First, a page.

BATH — Lawrence Kovacs finished the last of five laps around the Bath pump track on his mountain bike, which he moved by pushing – or pumping – his arms on the handlebars around the course’s rolling bumps and banks. Then Kovacs, who is a middle school teacher, stopped and checked his heart monitor: 154
Kovacs, 54, helped design and build the dirt track. Though it’s no larger than a tennis court, it’s a challenge to circle five times without using one’s legs. Peddling is discouraged.
“It’s hard to make the loops without peddling,” Kovacs said. “It offers real concrete evidence that your skills are getting better. It’s made me a stronger rider, going around pumping. And I don’t think my experience is isolated.”
A pump track is a little like a skate park – but built for mountain bikes. These oval cycling courses are slowly spreading across Maine, one more indication that mountain biking has moved into the mainstream here.
In the past 15 years, mountain bike clubs, trails and races have spread across the state. Today seven chapters of the New England Mountain Bike Association across Maine are winning grants; building hundreds of miles of single-track trails; even buying grooming equipment to maintain those trails in the winter. Two new pump tracks planned in Gorham and Portland will push the number of tracks in the state to five.
“Mountain biking in Maine is blowing up,” said Rob Lavoie of Gorham, who is spearheading the effort to build a pump track there.
On track to expand
Pump tracks, oval tracks with rolling bumps and banks, can be dirt, concrete or asphalt. There also are mobile tracks built of fiberglass. On average, the tracks are about the size of a basketball court. The cost can vary, from a track made with volunteer labor and donated equipment (a few thousand dollars) to a state-of-the-art track built by Velosolutions, a world leader in mountain bike parks (a few million dollars).
Velosolutions has built nearly 200 pump tracks in 30 countries, including 20 in the United States. This year, those numbers will soar, with 12 pump tracks built or scheduled to be built in the United States and another 90 around the world, Velosolutions spokeswoman Andrea Raemy said. She added that the tracks are often built in cities, near schools or in areas with many tourists.
The first pump track in Maine was built in Camden at the town-owned Camden Snow Bowl in 2008, and cost roughly $10,000, said John Anders, then the president of the Midcoast NEMBA chapter. The next went in at the town-owned Outdoors Center in Carrabassett Valley.
Then, in 2017, Kovacs and the Bath Parks and Recreation Department applied for a grant from The Specialized Foundation, a branch of the Specialized bike company. They sought 25 mountain bikes to use in Bath schools. Bath was one of 20 communities nationwide to get the grant.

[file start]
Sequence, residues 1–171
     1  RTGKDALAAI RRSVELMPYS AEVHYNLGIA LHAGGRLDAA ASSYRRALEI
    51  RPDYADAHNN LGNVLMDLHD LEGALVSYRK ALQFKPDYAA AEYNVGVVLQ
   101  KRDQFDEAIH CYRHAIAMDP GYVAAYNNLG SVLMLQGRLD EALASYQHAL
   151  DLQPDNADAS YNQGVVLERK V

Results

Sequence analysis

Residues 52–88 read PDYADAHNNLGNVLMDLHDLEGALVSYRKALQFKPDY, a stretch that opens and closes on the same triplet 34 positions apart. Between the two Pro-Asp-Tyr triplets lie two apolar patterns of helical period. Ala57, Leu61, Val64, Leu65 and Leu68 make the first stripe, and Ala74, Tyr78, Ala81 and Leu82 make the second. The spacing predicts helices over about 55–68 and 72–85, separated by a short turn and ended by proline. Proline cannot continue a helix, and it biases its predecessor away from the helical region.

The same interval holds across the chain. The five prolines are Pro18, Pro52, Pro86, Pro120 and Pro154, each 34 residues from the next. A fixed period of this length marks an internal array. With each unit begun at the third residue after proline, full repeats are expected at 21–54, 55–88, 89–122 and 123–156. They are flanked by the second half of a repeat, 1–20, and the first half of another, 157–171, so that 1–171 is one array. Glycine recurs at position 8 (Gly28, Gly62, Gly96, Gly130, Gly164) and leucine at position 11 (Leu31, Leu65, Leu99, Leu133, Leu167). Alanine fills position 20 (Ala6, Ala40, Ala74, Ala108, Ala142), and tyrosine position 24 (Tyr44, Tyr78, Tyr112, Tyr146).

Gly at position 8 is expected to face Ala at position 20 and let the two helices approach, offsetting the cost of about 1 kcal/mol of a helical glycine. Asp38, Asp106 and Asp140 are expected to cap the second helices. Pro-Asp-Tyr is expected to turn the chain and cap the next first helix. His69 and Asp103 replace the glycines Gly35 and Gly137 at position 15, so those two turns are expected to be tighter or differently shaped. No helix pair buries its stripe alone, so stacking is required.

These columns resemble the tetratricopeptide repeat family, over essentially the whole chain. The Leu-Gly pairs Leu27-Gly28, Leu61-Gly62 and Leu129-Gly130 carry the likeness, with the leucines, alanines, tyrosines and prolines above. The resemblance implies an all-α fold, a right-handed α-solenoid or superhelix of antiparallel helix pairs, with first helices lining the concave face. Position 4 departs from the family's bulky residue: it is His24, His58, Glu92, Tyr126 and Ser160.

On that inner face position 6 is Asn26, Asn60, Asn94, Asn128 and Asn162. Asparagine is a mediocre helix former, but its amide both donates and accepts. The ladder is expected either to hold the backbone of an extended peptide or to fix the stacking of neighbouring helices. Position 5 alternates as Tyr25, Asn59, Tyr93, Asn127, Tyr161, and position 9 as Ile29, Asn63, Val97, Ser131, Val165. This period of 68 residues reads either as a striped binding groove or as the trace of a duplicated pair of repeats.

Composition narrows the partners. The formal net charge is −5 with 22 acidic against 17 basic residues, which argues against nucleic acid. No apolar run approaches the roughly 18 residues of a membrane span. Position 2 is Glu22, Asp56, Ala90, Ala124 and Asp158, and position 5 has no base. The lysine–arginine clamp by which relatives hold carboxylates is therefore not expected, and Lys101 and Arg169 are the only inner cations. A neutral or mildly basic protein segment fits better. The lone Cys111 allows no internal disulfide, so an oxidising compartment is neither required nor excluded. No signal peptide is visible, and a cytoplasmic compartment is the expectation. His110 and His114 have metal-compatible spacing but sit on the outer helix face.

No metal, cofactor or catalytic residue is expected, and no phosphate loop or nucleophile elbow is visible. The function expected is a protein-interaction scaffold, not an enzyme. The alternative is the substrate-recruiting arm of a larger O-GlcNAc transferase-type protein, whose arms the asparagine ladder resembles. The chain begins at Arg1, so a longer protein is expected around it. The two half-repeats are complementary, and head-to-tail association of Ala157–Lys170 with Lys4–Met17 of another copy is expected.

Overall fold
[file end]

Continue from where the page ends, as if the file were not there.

Specialized flew Kovacs, president of the Bath-area mountain bike chapter, to California to train him to mentor kids on mountain bikes. While there, he asked the bike company for tips on how to build a pump track. Specialized did one better – it sent two professional trail builders to assist with the track’s construction next to the middle school, at no cost to the town, which provided the land, dirt and some equipment.
“The guys who work at Specialized live and breath dirt tracks,” Kovacs said. “We would have been in trouble if those guys hadn’t shown up.”
That same year, the city of Portland hosted a pump track demonstration at the city’s skate park using a mobile pump track on loan. Ethan Hipple, Portland deputy director of Parks and Recreation, said the temporary track was mobbed: “We had a turnout at the demonstration with hundreds of people.”
Now the Portland is looking at buying a fiberglass mobile pump track for $75,000. City officials were unable to fund it through the city budget, Hipple said, but they hope to get financial support from the nonprofit Portland Parks Conservancy.
“I see it as something that could rotate through different neighborhoods through the summer,” he said, “in Riverton, North Deering and Libbytown.”
When Lavoie in Gorham saw a time-lapse video on Facebook of the Bath pump track being built, he got the idea to build one in Gorham.
“We have the trail network already. We have the perfect piece of land next to the middle school,” said Lavoie, a Gorham chiropractor, avid mountain biker and former president of the Greater Portland chapter of the New England Mountain Bike Association.
This April, the Gorham Town Council unanimously approved the construction of a pump track on town land near Gorham Middle School. But they told Lavoie he’d have to come up with the money. Lavoie researched what would be needed: $17,000 for equipment, labor and material for the track, a parking lot and picnic area. He and the Portland chapter started to fundraise.
This spring, local riders at a mountain bike gathering at Sebago Brewing donated $1,000. Local businesses and churches in Gorham chipped in – some with several thousands dollars. Now, Lavoie and the bike club are near their goal; so far, they’ve raised $14,000.
“We’re going to try to go big,” Lavoie said of the pump track. “It will be a quarter of an acre, 200 feet long, twisting and winding.”
Lavoie believes the Gorham pump track will serve not only as a mountain bike skills course for kids and adults, but as a gathering place for families, one that connects with the 23 miles of mountain bike trails that already run through the woods around town.
“I see it as a place to bring kids. It’s good for their health, and keeps them active. And it’s family friendly,” Lavoie said. “You can have Dad on his $5,000 29er (bike), and a preteen on a 24-inch bike and a toddler on a push bike. And they can all be having fun doing the same thing.”